- A Whopper of an honor: Local company named top Burger King franchisee (11/15/17)3
- Southern Illinois farmer's grapevines destroyed by dicamba; four years of work lost (10/29/17)2
- Aldi store reopens after renovations (11/14/17)3
- Residents view pedestrian bridge as eyesore; city manager says it's designed to rust (11/13/17)8
- Decisions coming soon on steel mill, smelter in New Madrid (11/17/17)1
- Federal jury finds surgeon Fonn guilty of kickback scheme (11/10/17)4
- State audit: Bollinger County tax levies violate state law; county commission disagrees (11/17/17)3
- Cape native co-directs Thanksgiving-related indie film, 'Drinksgiving' (11/17/17)
- Son of Westboro Baptist Church patriarch discusses abuse, faith (11/15/17)6
- Scott City council hires former SEMO public safety director as city administrator (11/15/17)
Ready for disaster
The recent icy and snowy storm that cut a wide swath across much of Missouri left thousands of homes, businesses, schools and factories without electricity. Serious questions have been raised by customers and Missouri Public Service Commission members about what could have prevented some of the loss of power and what could have been done to speed up repairs.
Another issue is how prepared homeowners, business owners, school officials and factory manager are when such storms hit. For the most part, attention to such matters usually occurs when there is a problem at hand. When electric service is restored, much of the concern goes away.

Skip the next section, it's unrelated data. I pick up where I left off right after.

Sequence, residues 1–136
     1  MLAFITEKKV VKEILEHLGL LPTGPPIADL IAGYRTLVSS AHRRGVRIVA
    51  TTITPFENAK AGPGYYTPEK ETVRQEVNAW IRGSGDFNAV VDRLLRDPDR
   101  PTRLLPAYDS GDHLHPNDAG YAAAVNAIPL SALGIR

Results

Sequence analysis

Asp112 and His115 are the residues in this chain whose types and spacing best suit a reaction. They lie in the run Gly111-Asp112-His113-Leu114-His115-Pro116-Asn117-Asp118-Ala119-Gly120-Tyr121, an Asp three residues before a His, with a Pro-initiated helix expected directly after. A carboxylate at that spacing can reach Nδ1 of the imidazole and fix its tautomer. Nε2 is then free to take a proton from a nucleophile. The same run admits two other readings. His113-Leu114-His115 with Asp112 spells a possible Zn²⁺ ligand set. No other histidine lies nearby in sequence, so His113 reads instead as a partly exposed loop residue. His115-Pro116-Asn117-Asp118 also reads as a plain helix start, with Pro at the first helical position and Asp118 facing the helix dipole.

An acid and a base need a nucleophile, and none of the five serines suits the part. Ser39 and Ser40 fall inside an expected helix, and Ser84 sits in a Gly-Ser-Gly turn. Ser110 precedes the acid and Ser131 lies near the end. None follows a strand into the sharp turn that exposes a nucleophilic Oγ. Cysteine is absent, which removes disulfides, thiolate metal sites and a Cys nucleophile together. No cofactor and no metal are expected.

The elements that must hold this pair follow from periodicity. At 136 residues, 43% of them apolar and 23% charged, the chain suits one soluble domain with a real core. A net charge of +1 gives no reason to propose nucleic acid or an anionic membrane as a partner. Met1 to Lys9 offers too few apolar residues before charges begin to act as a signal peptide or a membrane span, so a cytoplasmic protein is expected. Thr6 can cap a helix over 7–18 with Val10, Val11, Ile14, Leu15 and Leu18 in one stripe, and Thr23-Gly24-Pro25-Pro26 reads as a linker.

Being prepared is at the heart of what emergency preparedness and American Red Cross officials deal with all the time. Being ready to provide assistance on short notice is the hallmark of any well-prepared operation. This was certainly evident as the Red Cross opened a shelter at Farmington, Mo. after the recent storm.
There are quite a few things individuals can do to help prepare themselves for future emergencies.
One is to purchase a generator that can provide limited electricity to keep essential things running, like the furnace, refrigerator and some lights. Even though generators can be expensive, more and more of them are being sold in this area. There are safety issues involved with the proper operation of a generator, and anyone who has one or is buying one should be thoroughly checked out on safe operation.
This area also has a good number of homes with fireplaces and wood-burning stoves. Again, safety is an issue. Many chimneys, for example, are in need of repair. Along with having a fireplace or stove for backup heat, homeowners should check to make sure their chimneys are ready for emergency use.
Officials suggest that you should have a plan for what you would do or where you would go if you lost power for several days.
For many folks, a shelter run by the Red Cross would be a logical place to go. Because of demands for food during the recent storm, the local Red Cross chapter needs donations to restock emergency food supplies. Checks made out to the American Red Cross/Southeast Missouri Chapter may be sent to 2430 Myra Drive, Cape Girardeau, Mo. 63703.